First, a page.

Into The Future: Immunology In The Age Of Genomics
The completion of the first complete DNA sequence of the human genome in 2003 was a landmark in the history of science. Remarkably, despite containing over 3 billion base pairs, the genome is believed to code for only around 20 000 genes, far fewer than most scientists had estimated. The function of much of the rest of the DNA remains unclear, although much of it is likely to be involved in regulating gene expression. An increasing number of genomes of other organisms (including of course the indispensable laboratory mouse) are already, or will be shortly be, available. Genome-wide comparisons between species are already providing fascinating new insights into the process of evolution. The next major phase of the genome project, to define the diversity of the DNA sequence within a species, is now under way. Current data suggest that the DNA sequences of any two humans differ from each other by an amazing 10 000 000 base pairs. The most common type of difference are called single nucleotide substitutions, or SNPs, (pronounced ‘snips’).
All this information has had a major impact on immunology, allowing rapid discovery of many new molecules involved in the interaction between the host and the pathogen. The figure shows the 22 human autosomes, plus the X and Y chromosome, stained with a DNA dye that gives a characteristic banding pattern known as the ideogram. Each band is given a number (e.g. 14q32 means band 32 on the long arm of chromosome 14, p refers to the short arm) which unambiguously identifies that region of the chromosome. The figure illustrates in green the ideogram positions of the genes that code for some of the most important molecules making up the human immune system, all of which are discussed elsewhere in this book. One striking discovery, illustrated in this figure, is the extent to which the immune system is made up of multigene families, which have presumably arisen by multiple duplication events. Many immune genes are also polymorphic. The extent of immune gene duplication and polymorphism (far greater than in most non-immune genes) is testament to the enormous selective pressure exerted by the microbial world during our past evolutionary history. Mutations in several genes have been associated with (often very rare) diseases affecting the immune system. The list is not exclusive, as new examples are rapidly being discovered. You can find information about any other gene you may be interested in by searching at the American National Centre for Biotechnology Information.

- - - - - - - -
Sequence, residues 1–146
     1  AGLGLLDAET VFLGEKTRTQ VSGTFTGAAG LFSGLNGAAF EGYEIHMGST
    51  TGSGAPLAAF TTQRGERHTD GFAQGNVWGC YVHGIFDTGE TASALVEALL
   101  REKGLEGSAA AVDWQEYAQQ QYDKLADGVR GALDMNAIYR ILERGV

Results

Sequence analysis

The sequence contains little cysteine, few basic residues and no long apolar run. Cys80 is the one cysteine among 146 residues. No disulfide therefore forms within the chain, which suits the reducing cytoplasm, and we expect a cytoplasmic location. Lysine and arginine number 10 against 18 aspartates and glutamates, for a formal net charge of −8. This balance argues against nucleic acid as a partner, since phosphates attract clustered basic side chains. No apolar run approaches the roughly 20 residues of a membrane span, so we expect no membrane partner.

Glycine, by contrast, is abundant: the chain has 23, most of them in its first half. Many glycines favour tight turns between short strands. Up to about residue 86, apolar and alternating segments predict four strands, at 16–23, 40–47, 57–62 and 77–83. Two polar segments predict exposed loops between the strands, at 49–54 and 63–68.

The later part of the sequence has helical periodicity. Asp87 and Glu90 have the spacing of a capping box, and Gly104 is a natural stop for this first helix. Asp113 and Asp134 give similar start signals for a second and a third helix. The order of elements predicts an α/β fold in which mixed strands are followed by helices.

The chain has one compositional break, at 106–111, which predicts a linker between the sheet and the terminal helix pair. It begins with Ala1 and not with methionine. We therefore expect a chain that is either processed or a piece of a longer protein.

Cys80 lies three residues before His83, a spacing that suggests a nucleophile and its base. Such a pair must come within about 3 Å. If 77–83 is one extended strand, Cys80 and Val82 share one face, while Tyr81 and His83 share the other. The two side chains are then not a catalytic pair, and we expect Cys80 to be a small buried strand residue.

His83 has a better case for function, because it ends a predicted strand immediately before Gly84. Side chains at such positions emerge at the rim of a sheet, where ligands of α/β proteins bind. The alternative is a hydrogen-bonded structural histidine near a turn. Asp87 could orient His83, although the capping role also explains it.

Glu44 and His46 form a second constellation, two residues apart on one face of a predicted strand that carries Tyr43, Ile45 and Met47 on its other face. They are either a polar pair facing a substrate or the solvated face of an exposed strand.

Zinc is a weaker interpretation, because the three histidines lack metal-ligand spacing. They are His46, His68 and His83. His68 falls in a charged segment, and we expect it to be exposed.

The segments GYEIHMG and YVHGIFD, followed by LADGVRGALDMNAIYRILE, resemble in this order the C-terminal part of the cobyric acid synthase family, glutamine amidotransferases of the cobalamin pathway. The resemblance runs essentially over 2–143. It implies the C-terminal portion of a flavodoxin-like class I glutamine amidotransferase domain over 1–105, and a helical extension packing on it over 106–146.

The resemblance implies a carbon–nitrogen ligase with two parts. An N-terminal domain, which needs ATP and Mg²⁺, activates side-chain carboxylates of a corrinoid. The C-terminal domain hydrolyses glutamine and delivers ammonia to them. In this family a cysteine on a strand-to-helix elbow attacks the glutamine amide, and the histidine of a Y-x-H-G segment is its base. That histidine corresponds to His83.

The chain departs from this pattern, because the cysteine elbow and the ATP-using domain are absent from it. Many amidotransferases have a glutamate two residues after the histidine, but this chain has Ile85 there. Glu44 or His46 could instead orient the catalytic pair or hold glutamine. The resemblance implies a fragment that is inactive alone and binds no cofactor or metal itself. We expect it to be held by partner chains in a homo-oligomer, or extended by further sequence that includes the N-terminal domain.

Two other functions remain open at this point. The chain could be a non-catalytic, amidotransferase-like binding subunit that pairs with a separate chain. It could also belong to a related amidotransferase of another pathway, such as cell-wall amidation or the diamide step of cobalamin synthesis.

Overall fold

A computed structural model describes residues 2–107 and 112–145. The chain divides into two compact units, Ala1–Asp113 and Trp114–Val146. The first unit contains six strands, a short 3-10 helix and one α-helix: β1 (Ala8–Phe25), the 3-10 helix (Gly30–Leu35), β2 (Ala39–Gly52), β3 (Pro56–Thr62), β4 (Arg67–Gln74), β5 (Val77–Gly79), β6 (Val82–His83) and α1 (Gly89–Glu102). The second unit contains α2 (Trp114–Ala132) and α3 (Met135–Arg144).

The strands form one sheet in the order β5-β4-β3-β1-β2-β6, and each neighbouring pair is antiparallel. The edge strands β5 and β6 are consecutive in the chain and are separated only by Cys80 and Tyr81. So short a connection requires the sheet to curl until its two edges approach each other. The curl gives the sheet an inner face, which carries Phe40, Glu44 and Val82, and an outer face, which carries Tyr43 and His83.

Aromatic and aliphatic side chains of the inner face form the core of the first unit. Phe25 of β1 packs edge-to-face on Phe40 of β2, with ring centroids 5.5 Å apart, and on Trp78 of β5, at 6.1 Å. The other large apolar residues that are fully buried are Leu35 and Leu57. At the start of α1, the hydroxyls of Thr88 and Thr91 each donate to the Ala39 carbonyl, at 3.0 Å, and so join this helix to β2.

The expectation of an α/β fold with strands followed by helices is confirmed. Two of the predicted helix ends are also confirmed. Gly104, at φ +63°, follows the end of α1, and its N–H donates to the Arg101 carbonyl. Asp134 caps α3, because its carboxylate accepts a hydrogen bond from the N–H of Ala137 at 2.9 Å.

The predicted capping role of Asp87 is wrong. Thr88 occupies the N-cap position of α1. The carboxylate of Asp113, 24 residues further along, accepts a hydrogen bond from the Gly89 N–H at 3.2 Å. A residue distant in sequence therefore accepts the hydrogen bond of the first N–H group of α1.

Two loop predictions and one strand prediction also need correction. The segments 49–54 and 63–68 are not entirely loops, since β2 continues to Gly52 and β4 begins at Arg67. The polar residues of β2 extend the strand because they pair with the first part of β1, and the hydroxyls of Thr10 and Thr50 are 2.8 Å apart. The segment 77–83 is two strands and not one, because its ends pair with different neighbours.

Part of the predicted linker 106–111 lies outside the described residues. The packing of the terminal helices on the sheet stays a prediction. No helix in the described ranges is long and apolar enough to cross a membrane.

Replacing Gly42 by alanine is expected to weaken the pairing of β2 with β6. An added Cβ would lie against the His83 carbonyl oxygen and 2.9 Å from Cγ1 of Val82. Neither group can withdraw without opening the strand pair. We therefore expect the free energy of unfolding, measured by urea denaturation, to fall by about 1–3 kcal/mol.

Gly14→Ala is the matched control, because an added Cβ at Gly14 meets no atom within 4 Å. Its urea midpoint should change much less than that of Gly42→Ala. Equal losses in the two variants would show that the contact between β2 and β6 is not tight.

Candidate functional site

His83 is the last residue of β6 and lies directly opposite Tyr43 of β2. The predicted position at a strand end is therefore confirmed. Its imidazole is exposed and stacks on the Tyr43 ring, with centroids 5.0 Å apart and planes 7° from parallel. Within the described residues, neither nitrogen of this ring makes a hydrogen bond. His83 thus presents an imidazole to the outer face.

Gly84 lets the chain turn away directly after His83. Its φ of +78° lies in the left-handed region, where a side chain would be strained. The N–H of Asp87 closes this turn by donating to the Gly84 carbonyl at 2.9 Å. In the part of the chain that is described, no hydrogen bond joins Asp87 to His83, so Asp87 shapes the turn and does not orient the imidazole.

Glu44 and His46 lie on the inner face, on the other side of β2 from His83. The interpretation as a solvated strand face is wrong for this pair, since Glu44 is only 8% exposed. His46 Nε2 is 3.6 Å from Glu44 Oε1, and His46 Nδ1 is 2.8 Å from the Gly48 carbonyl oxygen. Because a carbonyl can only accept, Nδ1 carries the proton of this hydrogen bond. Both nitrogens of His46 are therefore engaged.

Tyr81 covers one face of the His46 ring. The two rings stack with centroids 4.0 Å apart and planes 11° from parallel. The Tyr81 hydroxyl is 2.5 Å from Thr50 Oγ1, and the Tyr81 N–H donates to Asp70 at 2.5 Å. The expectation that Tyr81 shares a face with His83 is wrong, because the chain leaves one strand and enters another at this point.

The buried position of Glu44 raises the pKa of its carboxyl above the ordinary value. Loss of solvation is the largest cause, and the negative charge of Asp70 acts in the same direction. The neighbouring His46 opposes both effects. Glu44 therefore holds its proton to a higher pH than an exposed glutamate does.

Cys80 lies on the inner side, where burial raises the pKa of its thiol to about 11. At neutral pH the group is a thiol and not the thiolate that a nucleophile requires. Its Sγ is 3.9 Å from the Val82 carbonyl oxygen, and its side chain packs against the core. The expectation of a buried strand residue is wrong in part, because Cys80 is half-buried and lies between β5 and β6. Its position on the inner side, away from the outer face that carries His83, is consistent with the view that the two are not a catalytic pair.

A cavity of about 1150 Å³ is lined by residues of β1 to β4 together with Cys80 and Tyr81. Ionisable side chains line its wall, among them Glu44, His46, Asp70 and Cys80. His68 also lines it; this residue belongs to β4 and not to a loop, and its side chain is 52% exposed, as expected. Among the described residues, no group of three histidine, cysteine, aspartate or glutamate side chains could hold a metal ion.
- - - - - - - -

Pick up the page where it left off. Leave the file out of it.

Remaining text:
Knowledge of one’s own genome and of its likely gene associations will offer exciting and extraordinary possibilities, but also disturbing ethical challenges, to both the medical profession and the individual.
T-cell receptors T lymphocytes recognize antigen using a two-chain receptor made up either of γ/δ or, much more commonly, α/β chains. These genes, like those of immunoglobulin, are unusual in that the complete gene is put together only during T-cell development by recombining different gene fragments (see Figs 10 and 12). Thus, T and B cells break the dogma that all cells carry identical genomic DNA sequences.